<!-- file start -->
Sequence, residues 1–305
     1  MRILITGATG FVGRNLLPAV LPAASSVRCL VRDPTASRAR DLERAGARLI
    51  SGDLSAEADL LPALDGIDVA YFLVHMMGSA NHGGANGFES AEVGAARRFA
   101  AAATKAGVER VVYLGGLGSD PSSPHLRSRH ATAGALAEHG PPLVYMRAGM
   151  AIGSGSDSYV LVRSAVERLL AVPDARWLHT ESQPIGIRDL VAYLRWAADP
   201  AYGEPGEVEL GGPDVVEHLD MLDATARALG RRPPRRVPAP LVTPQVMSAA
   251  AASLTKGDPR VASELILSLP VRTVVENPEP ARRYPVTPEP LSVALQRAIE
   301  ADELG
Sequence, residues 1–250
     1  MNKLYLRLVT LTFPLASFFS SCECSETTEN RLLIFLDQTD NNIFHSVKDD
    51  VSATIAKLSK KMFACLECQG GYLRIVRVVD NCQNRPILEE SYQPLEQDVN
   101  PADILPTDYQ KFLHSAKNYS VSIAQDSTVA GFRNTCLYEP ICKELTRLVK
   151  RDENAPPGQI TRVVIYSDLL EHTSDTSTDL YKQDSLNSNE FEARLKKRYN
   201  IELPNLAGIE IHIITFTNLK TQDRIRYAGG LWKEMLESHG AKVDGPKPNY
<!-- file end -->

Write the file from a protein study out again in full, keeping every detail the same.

Sequence, residues 1–305
     1  MRILITGATG FVGRNLLPAV LPAASSVRCL VRDPTASRAR DLERAGARLI
    51  SGDLSAEADL LPALDGIDVA YFLVHMMGSA NHGGANGFES AEVGAARRFA
   101  AAATKAGVER VVYLGGLGSD PSSPHLRSRH ATAGALAEHG PPLVYMRAGM
   151  AIGSGSDSYV LVRSAVERLL AVPDARWLHT ESQPIGIRDL VAYLRWAADP
   201  AYGEPGEVEL GGPDVVEHLD MLDATARALG RRPPRRVPAP LVTPQVMSAA
   251  AASLTKGDPR VASELILSLP VRTVVENPEP ARRYPVTPEP LSVALQRAIE
   301  ADELG
Sequence, residues 1–250
     1  MNKLYLRLVT LTFPLASFFS SCECSETTEN RLLIFLDQTD NNIFHSVKDD
    51  VSATIAKLSK KMFACLECQG GYLRIVRVVD NCQNRPILEE SYQPLEQDVN
   101  PADILPTDYQ KFLHSAKNYS VSIAQDSTVA GFRNTCLYEP ICKELTRLVK
   151  RDENAPPGQI TRVVIYSDLL EHTSDTSTDL YKQDSLNSNE FEARLKKRYN
   201  IELPNLAGIE IHIITFTNLK TQDRIRYAGG LWKEMLESHG AKVDGPKPNY